Friday, March 23, 2007
On this day 18 years ago, the University of Utah announced the
discovery of cold fusion without giving any technical details
(WN 24 Mar 89) . The peak
came three weeks later when Stanley Pons received a standing
ovation at the annual ACS Meeting in Dallas, but by June it was
over. The Utah research was exposed as a pitiful embarrassment.
For years the faithful sulked at their own annual meetings held
at swank resorts around the world. There they could congratulate
each other on their progress. Each year another experiment would
be hailed as proof, but never survived replication. A few years
ago, however, the bolder of the faithful began to reemerge from
the dark, giving papers at professional society meetings. They
now prefer to call their field Low-Energy Nuclear Reactions
(LENR),and they held a session at the APS March Meeting in
Denver. Next week they will hold a session at the ACS Meeting in
Chicago. Once again, there is a new experiment that is being
hailed as proof-at-last. Who knows, maybe this will be the one.
Last month we predicted that Rusi Taleyarkhan's troubles aren't
over (WN 16 Feb 07) . You
will recall that while he was at ORNL Taleyarkhan claimed in a
paper published by Science that he had generated deuterium fusion
in sonoluminescence. His claims were disputed by two experienced
physicists, Putterman and Suslick, who repeated the work and got
no indication of fusion. After Taleyarkhan joined Purdue as a
Nuclear Engineering professor, another paper was published that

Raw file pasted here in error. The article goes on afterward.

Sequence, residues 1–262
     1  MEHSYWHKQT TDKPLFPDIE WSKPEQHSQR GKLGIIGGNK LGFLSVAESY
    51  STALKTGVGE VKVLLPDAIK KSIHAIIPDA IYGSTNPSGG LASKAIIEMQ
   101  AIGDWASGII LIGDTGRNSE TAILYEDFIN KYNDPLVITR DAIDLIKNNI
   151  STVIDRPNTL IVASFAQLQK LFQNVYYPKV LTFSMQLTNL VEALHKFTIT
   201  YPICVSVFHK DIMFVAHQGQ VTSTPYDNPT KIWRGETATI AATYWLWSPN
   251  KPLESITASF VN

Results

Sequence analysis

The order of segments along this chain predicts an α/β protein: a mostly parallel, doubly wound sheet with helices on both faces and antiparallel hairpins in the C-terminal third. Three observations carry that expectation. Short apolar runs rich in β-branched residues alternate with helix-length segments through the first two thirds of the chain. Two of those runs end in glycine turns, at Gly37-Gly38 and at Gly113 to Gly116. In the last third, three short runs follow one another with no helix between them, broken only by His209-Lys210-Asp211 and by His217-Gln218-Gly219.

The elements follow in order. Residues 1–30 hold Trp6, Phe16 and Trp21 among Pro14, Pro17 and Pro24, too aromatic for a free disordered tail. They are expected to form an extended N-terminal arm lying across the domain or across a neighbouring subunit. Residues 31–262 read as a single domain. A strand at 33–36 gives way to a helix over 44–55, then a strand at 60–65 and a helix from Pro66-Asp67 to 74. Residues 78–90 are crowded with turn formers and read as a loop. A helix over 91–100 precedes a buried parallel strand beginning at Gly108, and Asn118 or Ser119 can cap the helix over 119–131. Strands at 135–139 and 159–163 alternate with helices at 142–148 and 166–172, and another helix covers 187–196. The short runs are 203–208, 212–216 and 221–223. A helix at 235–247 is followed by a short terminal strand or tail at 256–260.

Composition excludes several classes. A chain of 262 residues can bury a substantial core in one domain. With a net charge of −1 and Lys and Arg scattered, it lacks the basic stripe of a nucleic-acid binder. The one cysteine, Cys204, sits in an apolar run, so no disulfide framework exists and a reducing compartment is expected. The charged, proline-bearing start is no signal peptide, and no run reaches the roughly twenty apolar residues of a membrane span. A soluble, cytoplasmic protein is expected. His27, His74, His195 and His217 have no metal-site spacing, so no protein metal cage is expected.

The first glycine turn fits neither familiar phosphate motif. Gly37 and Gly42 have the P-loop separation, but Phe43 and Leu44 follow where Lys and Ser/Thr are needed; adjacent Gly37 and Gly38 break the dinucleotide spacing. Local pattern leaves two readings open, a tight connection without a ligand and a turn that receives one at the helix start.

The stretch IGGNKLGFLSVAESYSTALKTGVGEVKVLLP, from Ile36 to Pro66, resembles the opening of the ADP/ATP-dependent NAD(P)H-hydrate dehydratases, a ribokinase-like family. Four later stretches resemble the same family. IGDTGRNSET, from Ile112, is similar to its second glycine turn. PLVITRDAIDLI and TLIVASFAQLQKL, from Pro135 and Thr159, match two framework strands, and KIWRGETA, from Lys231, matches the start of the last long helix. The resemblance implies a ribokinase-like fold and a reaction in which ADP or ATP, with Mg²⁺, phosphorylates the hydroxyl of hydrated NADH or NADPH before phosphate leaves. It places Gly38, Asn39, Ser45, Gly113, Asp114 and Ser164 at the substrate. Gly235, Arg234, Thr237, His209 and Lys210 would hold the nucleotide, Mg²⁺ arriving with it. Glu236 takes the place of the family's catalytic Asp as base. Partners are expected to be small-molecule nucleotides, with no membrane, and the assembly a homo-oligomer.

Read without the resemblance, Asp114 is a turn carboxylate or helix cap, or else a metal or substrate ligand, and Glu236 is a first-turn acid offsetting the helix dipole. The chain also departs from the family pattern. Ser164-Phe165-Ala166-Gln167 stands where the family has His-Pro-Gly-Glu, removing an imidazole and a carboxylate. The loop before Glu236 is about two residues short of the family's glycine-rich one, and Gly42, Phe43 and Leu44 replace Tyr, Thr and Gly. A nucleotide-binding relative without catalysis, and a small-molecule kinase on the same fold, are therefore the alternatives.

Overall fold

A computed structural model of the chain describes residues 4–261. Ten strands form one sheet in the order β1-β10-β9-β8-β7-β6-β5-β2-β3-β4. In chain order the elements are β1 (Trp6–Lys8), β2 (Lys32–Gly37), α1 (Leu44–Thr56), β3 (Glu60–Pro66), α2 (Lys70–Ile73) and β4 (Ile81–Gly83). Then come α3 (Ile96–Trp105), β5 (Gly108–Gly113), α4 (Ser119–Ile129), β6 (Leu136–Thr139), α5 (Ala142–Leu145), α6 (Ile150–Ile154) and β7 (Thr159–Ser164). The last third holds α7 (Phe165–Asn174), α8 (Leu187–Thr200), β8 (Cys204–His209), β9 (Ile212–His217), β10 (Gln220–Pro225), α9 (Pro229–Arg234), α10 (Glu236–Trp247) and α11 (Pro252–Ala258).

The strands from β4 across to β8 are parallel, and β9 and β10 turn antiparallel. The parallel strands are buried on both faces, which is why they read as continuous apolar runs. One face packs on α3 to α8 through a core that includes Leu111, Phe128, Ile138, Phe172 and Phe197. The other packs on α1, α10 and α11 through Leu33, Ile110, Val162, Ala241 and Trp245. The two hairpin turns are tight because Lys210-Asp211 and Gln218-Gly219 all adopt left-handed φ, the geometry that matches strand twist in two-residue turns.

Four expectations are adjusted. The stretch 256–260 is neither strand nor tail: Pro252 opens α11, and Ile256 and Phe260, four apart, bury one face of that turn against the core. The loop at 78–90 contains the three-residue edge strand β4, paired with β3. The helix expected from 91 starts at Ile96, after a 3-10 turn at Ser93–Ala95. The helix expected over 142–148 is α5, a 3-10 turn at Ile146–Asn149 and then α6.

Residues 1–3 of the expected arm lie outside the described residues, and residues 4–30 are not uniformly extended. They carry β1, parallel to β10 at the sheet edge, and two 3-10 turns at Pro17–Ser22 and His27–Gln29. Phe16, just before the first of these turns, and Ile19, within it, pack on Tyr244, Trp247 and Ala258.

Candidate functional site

seemed to independently verify his ORNL results. Who were the
authors? Taleyarkhan's students. What were they being trained
to do? They apparently had little to do with the research. When
a Purdue misconduct investigation seemed headed for the wrong
answer it was terminated. A second Purdue investigation cleared
Taleyarkhan of misconduct. Now Rep. Brad Miller (D-NC), chair of
the Science Committee's Investigations Subcommittee has requested
a copy of the University's internal investigation reports.
Science owes its success and credibility to openness. Findings,
including details of how they were obtained, are exposed to the
scrutiny of the entire scientific community. It sounds like a
prescription for chaos, but it's a mechanism for self-correction.
The alternative is dogma. Could openness be extended to all
knowledge? With Wikipedia, it seemed to work for a time, but for
those who profit from a misinformed public, including purveyors
of pseudoscience, the target is too tempting to leave alone.
Why do technical problems always come up on Spring Break?